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Thursday, May 23, 2013

Effects of a Persistent Binge Drinking Pattern of Alcohol Consumption in Young People: A Follow-Up Study Using Event-Related Potentials

The objective of this study was to examine brain activity related to visual attention processes in youths who had maintained a binge drinking (BD) pattern of alcohol consumption for >2 years.

The participants were 57 university students (26 binge drinkers: BDs) with no personal or family history of alcoholism or psychopathological disorders in first-degree relatives. Event-related potentials (ERPs) were recorded while participants performed a visual oddball task (twice within a 2-year interval). The latency and amplitude of the P3b component of the ERPs were analysed.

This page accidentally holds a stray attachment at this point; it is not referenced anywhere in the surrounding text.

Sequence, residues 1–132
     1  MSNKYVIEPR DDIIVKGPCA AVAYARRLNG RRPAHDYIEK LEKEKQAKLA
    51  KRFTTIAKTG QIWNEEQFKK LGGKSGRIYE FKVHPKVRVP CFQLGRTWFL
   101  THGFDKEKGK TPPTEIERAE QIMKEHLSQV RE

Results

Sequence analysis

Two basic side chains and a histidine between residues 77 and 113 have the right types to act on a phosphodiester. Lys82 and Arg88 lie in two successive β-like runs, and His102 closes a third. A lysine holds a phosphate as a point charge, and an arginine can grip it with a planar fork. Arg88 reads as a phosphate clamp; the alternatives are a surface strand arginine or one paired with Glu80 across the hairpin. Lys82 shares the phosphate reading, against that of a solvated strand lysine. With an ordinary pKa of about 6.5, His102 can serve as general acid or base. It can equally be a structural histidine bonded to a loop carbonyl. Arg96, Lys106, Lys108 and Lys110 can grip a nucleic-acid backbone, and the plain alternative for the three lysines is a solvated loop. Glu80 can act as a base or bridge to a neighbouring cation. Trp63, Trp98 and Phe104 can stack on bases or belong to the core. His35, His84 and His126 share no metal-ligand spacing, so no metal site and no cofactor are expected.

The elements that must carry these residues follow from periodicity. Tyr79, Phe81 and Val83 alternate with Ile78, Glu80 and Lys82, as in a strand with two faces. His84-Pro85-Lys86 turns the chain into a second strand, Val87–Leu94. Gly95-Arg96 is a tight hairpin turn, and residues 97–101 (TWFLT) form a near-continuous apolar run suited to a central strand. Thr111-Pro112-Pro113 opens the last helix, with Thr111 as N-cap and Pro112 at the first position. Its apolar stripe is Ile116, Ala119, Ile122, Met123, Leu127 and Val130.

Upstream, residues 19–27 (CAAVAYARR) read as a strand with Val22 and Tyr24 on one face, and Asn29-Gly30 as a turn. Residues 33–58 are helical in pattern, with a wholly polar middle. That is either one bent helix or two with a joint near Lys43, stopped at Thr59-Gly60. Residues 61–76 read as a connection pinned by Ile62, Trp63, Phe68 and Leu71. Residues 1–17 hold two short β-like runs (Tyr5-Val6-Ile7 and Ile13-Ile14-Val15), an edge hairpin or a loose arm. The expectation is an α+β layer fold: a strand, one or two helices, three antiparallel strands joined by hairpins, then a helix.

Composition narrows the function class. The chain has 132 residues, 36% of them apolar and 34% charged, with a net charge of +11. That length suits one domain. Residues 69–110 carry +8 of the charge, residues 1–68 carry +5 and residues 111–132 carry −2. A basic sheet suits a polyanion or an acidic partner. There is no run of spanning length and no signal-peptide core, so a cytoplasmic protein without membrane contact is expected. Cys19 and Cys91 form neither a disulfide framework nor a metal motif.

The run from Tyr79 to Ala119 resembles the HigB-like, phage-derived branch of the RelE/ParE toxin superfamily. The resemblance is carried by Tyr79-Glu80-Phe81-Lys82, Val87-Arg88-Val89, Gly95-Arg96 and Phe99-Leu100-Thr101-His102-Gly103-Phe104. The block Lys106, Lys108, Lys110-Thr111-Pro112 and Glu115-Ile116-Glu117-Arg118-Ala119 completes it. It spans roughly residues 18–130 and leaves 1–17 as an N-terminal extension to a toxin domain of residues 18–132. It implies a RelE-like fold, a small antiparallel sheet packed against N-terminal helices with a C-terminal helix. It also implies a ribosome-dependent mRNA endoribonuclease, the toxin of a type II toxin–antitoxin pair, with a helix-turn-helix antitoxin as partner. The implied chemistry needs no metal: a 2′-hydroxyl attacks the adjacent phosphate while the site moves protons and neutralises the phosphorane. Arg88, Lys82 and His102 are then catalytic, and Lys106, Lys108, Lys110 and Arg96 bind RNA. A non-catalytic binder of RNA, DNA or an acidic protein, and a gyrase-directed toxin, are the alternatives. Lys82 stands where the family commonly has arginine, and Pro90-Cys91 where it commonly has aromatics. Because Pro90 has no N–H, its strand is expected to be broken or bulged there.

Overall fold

The P3b amplitude was larger in young BDs than in aged-matched controls at both evaluation times, and the difference was more pronounced after 2 years of maintenance of a BD pattern of consumption. The larger P3b amplitude was associated with an earlier onset of regular drinking and with a greater quantity and intensity of consumption.

These findings suggest that young BDs exhibit anomalies in neural activity involved in attentional/working memory processes, which increase after 2 years of maintenance of BD. This anomalous neural activity may reflect underlying dysfunctions in neurophysiological mechanisms as well as the recruitment of additional attentional/working memory resources to enable the binge drinkers to perform the task adequately.

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